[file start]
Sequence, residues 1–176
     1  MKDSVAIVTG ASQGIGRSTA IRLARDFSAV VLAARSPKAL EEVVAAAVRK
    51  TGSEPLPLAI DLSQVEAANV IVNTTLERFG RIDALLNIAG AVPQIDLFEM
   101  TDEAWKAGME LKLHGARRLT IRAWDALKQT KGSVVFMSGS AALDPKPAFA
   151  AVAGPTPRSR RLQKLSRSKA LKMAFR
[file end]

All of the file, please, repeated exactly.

Sequence, residues 1–176
     1  MKDSVAIVTG ASQGIGRSTA IRLARDFSAV VLAARSPKAL EEVVAAAVRK
    51  TGSEPLPLAI DLSQVEAANV IVNTTLERFG RIDALLNIAG AVPQIDLFEM
   101  TDEAWKAGME LKLHGARRLT IRAWDALKQT KGSVVFMSGS AALDPKPAFA
   151  AVAGPTPRSR RLQKLSRSKA LKMAFR